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Paul his Cloak and His Books
A Sermon Delivered on Sunday Morning, November 29th, 1863, by the Rev. C. H. SPURGEON, At the Newington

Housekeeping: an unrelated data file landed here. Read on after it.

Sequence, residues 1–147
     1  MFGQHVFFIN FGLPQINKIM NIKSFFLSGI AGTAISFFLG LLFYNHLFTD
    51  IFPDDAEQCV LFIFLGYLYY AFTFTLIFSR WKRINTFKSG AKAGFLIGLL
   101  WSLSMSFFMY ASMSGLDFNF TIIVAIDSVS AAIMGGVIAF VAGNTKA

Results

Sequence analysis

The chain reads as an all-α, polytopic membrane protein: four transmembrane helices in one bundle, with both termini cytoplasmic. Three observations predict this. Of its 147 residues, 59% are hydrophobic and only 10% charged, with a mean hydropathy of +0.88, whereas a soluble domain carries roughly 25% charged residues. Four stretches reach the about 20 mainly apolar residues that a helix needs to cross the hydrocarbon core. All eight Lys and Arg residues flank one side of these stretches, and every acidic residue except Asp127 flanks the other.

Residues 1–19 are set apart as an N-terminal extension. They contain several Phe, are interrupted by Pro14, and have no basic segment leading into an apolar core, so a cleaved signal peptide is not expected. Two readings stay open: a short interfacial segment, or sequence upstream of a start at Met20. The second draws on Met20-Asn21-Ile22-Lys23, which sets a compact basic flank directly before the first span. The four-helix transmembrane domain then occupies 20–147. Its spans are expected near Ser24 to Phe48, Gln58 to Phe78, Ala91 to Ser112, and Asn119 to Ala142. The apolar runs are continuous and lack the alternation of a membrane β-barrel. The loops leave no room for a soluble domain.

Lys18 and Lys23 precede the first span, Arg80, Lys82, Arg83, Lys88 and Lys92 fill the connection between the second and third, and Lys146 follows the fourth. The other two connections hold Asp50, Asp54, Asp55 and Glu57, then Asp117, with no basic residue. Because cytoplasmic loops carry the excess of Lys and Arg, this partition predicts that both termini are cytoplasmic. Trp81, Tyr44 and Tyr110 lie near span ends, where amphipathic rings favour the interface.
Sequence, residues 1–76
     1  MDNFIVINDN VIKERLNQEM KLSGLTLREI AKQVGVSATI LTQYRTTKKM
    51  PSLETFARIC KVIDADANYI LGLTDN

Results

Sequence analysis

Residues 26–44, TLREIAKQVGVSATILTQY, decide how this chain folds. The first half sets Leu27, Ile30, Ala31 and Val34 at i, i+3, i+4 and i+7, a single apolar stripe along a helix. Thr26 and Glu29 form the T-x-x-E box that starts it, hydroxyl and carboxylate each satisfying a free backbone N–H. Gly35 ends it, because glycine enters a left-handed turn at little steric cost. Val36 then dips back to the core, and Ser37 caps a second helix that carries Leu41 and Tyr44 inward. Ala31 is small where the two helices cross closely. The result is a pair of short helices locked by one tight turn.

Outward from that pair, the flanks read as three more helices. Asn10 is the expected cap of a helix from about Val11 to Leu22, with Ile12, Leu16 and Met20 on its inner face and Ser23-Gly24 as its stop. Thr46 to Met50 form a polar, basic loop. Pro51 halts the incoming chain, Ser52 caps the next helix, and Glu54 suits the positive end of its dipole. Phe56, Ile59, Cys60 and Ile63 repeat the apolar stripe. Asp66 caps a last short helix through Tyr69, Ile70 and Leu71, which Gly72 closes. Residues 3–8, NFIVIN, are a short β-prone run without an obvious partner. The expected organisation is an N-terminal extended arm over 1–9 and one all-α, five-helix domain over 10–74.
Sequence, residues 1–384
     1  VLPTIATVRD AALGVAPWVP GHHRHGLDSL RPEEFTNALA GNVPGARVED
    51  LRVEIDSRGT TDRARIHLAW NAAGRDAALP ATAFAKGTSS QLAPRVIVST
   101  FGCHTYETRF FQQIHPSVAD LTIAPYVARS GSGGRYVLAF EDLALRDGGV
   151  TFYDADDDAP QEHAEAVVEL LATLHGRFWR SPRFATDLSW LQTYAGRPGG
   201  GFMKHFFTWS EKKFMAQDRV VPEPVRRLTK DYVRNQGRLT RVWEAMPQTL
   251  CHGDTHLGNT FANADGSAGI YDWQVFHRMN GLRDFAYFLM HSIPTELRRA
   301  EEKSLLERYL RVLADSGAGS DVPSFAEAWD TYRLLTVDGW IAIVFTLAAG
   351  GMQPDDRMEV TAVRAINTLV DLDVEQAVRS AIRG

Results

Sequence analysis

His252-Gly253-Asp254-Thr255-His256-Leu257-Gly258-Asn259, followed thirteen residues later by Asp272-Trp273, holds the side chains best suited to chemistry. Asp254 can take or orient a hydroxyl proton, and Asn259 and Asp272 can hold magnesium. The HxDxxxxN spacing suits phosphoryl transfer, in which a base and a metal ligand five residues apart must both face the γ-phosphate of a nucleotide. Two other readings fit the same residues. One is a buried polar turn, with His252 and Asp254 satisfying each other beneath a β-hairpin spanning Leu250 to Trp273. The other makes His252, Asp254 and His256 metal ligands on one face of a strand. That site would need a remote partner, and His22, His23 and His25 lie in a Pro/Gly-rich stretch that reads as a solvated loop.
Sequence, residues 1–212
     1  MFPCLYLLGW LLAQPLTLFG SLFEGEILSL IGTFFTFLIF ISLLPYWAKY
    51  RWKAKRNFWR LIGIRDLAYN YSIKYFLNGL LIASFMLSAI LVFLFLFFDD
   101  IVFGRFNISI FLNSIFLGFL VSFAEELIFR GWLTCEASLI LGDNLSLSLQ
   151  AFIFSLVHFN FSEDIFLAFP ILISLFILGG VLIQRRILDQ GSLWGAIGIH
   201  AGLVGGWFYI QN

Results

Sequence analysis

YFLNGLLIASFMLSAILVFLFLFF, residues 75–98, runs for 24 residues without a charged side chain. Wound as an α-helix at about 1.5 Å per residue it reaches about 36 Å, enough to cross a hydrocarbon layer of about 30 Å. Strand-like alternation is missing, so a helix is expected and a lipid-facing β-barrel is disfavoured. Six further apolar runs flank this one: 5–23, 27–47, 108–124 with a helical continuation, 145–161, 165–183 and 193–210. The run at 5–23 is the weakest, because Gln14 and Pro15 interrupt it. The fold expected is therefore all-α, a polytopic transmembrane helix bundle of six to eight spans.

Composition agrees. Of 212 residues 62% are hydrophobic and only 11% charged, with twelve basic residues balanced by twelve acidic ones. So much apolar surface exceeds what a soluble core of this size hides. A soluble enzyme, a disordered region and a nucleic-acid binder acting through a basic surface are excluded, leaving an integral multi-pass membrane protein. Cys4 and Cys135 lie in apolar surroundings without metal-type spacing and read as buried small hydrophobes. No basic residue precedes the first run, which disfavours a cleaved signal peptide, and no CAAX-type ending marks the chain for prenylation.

"The cloak that I left at Troas with Carpus, when thou comest, bring with thee, and the books, but especially the parchments." 2 Timothy 4:13 .